Warning: this review contains spoilers
And so Better Call Saul (Netflix) ends not with a bang or whimper – but a shared cigarette between Jimmy and Kim, and then a lingering farewell locking of eyes conducted from either side of a chain-link prison fence.
It is, in other words, the devastatingly meditative conclusion towards which the Breaking Bad prequel – and finally sequel – has been building since the horrific mid-season inflexion point in which Howard Hamlin (Patrick Fabian) had his brains blown out by Lalo Salamanca (Tony Dalton). Forget about a tear-jerker or hair-raiser. This was a heart-squeezing come down – cold-turkey after the jape-filled opening half of the irascible thriller's concluding season.
The finale is also masterful two-hander from Bob Odenkirk as Jimmy and Rhea Seehorn as Kim. Seehorn’s Emmy is surely already in the in-tray after she scorched up the screen last week, bringing to life post-Albuquerque Kim as a lost soul haunting her own empty life (when she burst into tears on the bus to the airport, Better Call Saul achieved its emotional apotheosis – it was some of all the all-time best small screen blubbing).
Odenkirk matched her scene for scene in the finale – an extraordinary flourish considering he nearly died of a heart attack halfway through filming the season. Odenkirk – a comedian with little experience in drama before Breaking Bad – veered from fake swagger (always Saul’s calling card) to inconsolable sadness as Jimmy’s past caught up with him. Please give him all the awards – or at least the ones Seehorn hasn’t already bagged.
Howard had gone to hell for Jimmy and Kim’s sins. He was the wrong person in the wrong place. Of course, with Jimmy and Kim, someone was always going to draw that short straw. Ever since, the series has accelerated towards a long, ruminative face to grey. In the final episode – clocking in at a feature-length 70 minutes – it finally reaches its wintry and bittersweet destination. Kim and Jimmy reconcile after a fashion. Yet only after Jimmy confesses to a string of crimes that will ensure he spends the rest of his life behind bars.
It isn’t a happy ending. Still, there is redemption for Saul, who reclaims his original identity of Jimmy and tries to make amends for what he did to Howard and to Chuck (Michael McKean), the brother whom he drove to suicide.
What a journey it’s been – hilarious at times if ultimately tragic. Apprehended after fleeing Marion’s house in Nebraska – the cops find him cowering in a dumpster – initially, the once-and-future Jimmy McGill tries to outfox the law.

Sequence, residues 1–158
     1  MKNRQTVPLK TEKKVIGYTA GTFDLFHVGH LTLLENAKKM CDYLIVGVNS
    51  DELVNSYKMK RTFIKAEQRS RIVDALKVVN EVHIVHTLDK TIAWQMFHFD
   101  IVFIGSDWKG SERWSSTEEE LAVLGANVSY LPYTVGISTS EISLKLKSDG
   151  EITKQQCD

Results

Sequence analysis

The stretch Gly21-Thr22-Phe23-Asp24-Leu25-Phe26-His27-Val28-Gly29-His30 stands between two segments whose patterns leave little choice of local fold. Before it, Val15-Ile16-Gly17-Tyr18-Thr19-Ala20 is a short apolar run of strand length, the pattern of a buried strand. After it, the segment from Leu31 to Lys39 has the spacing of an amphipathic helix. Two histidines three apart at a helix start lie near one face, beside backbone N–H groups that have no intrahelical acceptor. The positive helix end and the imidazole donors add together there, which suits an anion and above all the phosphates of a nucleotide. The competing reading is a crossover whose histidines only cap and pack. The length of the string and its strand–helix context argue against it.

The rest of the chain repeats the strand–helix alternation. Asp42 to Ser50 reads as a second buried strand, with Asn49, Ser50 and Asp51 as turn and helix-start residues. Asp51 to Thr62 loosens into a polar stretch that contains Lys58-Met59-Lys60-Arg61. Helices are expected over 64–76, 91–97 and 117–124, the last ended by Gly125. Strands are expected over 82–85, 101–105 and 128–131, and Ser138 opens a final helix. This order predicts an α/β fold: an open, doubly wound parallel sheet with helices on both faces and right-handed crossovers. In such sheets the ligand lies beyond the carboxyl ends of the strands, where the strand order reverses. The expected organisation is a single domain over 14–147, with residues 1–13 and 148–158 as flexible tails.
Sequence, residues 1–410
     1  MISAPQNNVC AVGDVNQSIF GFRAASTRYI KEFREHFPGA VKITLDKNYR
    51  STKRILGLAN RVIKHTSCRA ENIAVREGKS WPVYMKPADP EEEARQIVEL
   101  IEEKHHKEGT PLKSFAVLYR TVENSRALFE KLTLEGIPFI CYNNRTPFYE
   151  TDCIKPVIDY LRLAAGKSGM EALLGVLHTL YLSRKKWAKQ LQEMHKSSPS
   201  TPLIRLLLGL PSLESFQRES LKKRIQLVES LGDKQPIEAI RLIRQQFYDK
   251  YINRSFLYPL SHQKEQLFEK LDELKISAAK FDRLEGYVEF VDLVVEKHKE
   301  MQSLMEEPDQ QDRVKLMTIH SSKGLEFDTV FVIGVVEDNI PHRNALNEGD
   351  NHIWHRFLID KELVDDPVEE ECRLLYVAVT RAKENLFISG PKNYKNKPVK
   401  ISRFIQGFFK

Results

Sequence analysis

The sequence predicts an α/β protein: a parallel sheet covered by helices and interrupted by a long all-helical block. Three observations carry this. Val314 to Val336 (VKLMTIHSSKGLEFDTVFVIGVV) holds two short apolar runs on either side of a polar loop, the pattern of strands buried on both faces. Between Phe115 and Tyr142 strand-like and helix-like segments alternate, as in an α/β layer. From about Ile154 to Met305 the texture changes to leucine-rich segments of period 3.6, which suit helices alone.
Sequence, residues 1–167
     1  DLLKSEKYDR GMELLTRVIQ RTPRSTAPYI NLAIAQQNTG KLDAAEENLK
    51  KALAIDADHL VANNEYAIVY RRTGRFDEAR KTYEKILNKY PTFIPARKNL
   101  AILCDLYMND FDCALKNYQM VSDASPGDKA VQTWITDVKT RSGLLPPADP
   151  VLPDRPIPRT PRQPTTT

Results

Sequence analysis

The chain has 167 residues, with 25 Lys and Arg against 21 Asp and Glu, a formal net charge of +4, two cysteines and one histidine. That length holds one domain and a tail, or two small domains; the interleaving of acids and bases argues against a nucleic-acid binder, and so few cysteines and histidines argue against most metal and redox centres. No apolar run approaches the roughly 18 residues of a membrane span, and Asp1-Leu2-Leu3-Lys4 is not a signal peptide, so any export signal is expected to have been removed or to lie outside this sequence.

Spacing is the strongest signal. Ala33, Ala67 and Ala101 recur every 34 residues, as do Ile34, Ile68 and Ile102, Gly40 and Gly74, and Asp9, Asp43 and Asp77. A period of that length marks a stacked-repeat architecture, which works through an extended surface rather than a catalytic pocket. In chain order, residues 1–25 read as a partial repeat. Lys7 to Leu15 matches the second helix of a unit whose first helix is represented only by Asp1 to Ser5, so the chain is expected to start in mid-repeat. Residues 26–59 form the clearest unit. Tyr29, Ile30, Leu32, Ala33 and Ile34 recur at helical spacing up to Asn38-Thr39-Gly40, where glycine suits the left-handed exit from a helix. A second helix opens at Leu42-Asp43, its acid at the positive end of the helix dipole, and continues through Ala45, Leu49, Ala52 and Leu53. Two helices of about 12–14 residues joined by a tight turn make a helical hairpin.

He does so by presenting himself as a victim of his old meth lord accomplice, Walter White (White, being long dead, is not around to contradict him). Granted, the prosecutors might not fall for his “poor little me” act – nor Hank Schrader’s widow, Marie (Betsy Brandt, the latest in a parade of cameos). However, if just one juror falls for his patented Saul shtick, he’s a free man.
Saul’s smugness evaporates when he discovers Kim has confessed to her part in ruining Howard’s reputation. Before a judge in Albuquerque, Saul – now Jimmy again – throws away his plea bargain deal of seven years in prison to take responsibility for his actions. He is seeking forgiveness not from the court but from Kim, whose presence in court he has ensured by falsely claiming to have additional testimony regarding their conspiracy to fraud Howard as a drug addict.
Finales are always tricky. With a series as flawless as Better Call Saul, there is the nagging worry it will come unstuck at the very end. Breaking Bad tried to have it both ways, as the explosive “everybody dies” instalment, Ozymandias, was followed by a contemplative final dispatch in which Walter paid the price for the wrongs he had done.
With Better Call Saul, showrunners Peter Gould and Vince Gilligan have opted for something slower and sadder. Is it better or worse than the conclusion to Breaking Bad? Opinions will differ – but Saul's leave-taking feels every bit as momentous and painstaking as that of its sibling thriller. Indeed, in different circumstances, the big send-off would have felt like a class reunion. There were cameos by all our favourites – Mike Ehrmantraut, Walter (again), Marie – and, most satisfyingly, Jimmy’s electricity-adverse brother and bête noire Chuck.
Yet each of these appearances is bound up in a deep ennui. The finale circles the theme of the past – via the recurring motif of time travel – and how it cannot be changed, merely atoned for.
In the end, Jimmy takes the rap for all his crimes – and does so with Kim watching from the back of the court. He is sentenced to 86 years – and then, still in that evocative black and white, Kim visits him in prison and they smoke together.